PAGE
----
Blurred Lines: Multitasking in Multifamily Lowers Productivity

Last Updated: March 18, 2014By Tags: , ,

by Tim Blackwell


Not too long ago, multifamily industry training and Fair Housing consultant Anne Sadovsky found herself stopping a meeting because a property site manager kept her head down, fidgeting with her smart phone. The woman, about 40 years old, was seemingly oblivious to the discussion and full throttle into her device when Sadovsky put on the brakes.

“I finally said, ‘Are you doing something more important that what we’re doing right now?’ ” Sadovsky said. “She looked up at me and said, ‘Oh, no, I’m just looking for something to order.’”

When Sadovsky came up through the ranks of the apartment industry 40-plus years ago, the only orders she had during the workday were from her bosses. Failure to comply, she said, meant marching to the tune of a different order, the one that sent you packing.

“Heads would roll,” she said.

Today’s work environment is a little less rigid and much more accommodating to personal devices that are often blamed for distracting employees. Before personal technology, being disengaged at a meeting usually meant leaning back in your chair and twirling your pen or scribbling on your Daytimer. Today, just the presence of smart phones, iPads, and even laptops (is he really taking notes or posting to Facebook?) distract employees everywhere in the workplace.

It was a different time, even back in the 70s and 80s, Sadovsky concedes, but perhaps the work ethic and management of the day is a good history lesson that can be applied today. Employees are distracted and they need help to step back in line, she says.

Improve Property Management Staff Focus with Face-to-Face Accountability

In January, a San Francisco-based online meeting provider reported in a survey that most U.S. information workers multitask during meetings, which research shows lowers productivity, increases errors and causes stress among workers. Of 2,000 workers polled by Fuzebox, 92 percent said they have engaged in other activities while sitting around the conference table – 41 percent said they do it all the time or often. Tops among the multitasking offenses? Checking email.

Employees multitasking at meetings or just shunning work responsibilities to check social media create challenges for managers. The root of the problem, Fuzebox says, is a lack of face-to-face communication to hold employees accountable.

That resonates with Sadovsky.

“I think we went through a period where we didn’t have to oversee people so much because people were responsible,” she said. “They did what they were told to do and the way they were told to do it, and we were successful because of it. Today, you have to oversee them. You have to watch what they are doing. You have to stay on top of it, because they are so not-focused on work.”

Distracted Leasing Staff Affect the Bottom Line

Some may say that Generation Y employees are likely to be the most distracted because of their attachment to technology and dependencies on communication through electronic devices. However, according to one survey,middle-aged women are some of the most distracted, and not because they are spending time on Facebook or surfing the net. Females tend to get sidetracked at work because of personal and financial issues as well as a lack of resources.

In the multifamily housing industry, a distracted leasing agent or someone at the site level can cost an apartment property money. The 2013 Workplace Productivity Report shows that 25 percent of people studied were completely unproductive seven or more hours a week and that 22 percent of people were completely unproductive for five to six hours a week. Translated, that’s a day’s wage paid by an employer out the window.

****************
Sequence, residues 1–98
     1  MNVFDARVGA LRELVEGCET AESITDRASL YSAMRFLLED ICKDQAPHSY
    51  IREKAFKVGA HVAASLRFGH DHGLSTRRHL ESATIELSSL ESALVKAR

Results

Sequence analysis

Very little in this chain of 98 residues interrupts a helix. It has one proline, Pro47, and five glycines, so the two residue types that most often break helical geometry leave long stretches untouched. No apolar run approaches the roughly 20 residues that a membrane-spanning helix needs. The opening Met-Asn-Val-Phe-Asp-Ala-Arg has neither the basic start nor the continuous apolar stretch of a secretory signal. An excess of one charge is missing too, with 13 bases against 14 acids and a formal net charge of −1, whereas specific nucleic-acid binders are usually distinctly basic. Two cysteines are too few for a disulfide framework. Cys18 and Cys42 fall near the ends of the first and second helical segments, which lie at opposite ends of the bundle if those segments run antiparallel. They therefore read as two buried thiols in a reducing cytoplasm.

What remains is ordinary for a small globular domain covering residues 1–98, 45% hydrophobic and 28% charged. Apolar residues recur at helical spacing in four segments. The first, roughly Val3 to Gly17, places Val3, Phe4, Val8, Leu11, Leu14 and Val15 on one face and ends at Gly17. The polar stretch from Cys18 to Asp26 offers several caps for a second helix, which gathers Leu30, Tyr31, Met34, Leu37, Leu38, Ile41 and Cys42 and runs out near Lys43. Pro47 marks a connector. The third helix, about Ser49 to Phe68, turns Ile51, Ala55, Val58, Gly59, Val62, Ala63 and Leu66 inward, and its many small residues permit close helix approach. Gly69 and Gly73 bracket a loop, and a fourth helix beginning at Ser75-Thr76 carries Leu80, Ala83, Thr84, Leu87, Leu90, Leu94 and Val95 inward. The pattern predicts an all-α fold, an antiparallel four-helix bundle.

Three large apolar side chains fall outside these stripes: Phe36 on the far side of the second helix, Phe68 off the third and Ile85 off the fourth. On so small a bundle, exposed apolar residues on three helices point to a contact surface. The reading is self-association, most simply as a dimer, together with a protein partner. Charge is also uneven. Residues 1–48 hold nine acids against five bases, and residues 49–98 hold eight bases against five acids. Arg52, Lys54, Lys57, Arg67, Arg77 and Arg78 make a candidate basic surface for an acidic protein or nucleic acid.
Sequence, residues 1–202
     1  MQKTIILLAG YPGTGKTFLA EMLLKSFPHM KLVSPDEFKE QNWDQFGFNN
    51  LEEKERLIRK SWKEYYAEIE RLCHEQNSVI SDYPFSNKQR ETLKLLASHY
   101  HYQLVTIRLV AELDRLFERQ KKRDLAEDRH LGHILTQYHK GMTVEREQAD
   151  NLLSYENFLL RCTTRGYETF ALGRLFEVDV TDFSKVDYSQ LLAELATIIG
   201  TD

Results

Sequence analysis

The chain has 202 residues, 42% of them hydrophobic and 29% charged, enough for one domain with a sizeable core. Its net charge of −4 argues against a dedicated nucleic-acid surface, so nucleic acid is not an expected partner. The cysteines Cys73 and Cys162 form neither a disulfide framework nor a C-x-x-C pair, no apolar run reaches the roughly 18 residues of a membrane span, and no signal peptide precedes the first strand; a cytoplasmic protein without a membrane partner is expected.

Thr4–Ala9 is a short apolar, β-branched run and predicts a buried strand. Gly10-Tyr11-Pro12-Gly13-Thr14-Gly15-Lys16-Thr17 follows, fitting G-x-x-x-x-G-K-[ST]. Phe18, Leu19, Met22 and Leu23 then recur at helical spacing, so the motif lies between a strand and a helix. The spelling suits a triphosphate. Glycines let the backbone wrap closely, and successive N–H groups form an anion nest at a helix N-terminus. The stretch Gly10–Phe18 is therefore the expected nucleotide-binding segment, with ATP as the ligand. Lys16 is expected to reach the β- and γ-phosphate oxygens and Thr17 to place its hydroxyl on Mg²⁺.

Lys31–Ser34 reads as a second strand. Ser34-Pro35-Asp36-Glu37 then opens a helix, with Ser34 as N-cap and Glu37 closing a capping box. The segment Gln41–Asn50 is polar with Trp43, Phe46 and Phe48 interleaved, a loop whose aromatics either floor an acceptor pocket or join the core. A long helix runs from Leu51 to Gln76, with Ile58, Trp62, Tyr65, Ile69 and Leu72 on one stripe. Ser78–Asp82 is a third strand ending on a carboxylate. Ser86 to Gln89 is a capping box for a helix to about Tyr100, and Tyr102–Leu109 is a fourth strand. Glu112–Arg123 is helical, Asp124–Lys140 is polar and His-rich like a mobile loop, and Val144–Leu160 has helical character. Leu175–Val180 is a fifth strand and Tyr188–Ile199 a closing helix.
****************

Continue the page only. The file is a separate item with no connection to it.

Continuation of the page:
Bringing a distracted worker back in line can be difficult for an already overloaded manager who has more front office responsibilities than other generations of site leaders, Sadovsky says. Increased supervision just adds to the daily laundry list, but it’s a necessary tool that managers today should pack.

“It’s truly hard to find people that you don’t have to (supervise), if, and I hate to say it, you want the job done right,” she said. “There has to be accountability. And there has to be oversight because this generation of worker gets sidetracked in their own stuff.”

Training and Supervision is Key to Reducing Distraction

Camden Property Trust’s Margaret Plummer doesn’t think that younger employees are more distracted than any other generation. She says that empowering technologically savvy Gen Y workers to work whatever way best fits, knowing there may be a tradeoff with some personal activity, can benefit the company in the long run.

“As kids, we were distracted at that age,” says the 46-year-old Plummer, who is Camden’s vice president of employee development. “Part of that is managing it. This group of kids has a different way of going about how to accomplish their tasks. Let them complete tasks the way they are comfortable doing it.”

But both Plummer and Sadovsky agree that a focused worker is a more productive, and that employees should be held accountable for their work and actions. Proper training is essential, especially in a day and time when workers truly have to multitask, whether in a meeting or not, because of the hectic pace of business.

Sadovsky suggests that managers commit to tools like online training programs to help shape employees. Most of all, get face-to-face with some good ol’ fashioned supervision.

“They are going to have to go back to truly supervising and overseeing the other people in the office,” Sadovsky said. “They need to know what their people are doing and they need to supervise it. Set some goals for them and get them out there. I think it’s just kind of gotten relaxed, and everyone kind of comes to work and does their thing.”


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